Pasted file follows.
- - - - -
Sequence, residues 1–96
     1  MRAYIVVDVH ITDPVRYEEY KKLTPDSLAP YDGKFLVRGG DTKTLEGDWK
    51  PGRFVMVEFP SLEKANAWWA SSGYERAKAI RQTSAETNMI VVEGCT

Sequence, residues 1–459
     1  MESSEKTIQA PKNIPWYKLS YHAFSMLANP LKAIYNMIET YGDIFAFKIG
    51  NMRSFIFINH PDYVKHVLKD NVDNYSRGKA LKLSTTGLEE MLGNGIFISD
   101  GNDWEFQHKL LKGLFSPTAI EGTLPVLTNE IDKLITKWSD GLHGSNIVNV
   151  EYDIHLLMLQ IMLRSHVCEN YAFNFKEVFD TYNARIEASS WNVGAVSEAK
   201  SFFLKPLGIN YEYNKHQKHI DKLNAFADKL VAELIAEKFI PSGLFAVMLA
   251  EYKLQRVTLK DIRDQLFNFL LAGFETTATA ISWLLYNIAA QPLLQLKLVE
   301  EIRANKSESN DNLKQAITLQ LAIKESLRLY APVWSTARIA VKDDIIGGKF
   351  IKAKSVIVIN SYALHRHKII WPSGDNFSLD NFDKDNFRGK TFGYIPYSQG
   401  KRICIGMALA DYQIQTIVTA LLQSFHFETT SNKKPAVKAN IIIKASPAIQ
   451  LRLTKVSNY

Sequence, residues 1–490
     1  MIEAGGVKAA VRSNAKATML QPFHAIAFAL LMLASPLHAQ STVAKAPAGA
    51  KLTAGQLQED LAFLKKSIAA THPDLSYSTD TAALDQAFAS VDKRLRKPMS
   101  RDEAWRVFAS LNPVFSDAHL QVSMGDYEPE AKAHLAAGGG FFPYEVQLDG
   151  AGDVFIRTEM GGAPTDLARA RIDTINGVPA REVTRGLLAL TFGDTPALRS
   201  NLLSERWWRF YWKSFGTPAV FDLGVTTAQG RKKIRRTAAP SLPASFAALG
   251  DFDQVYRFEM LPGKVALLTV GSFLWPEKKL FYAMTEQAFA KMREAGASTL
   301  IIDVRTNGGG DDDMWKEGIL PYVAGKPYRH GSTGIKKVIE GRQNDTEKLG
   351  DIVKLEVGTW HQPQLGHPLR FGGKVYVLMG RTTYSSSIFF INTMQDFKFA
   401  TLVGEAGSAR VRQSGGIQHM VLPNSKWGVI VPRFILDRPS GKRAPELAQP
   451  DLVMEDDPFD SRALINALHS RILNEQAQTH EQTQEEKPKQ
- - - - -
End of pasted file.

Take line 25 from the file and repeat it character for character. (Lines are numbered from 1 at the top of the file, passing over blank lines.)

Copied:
   451  DLVMEDDPFD SRALINALHS RILNEQAQTH EQTQEEKPKQ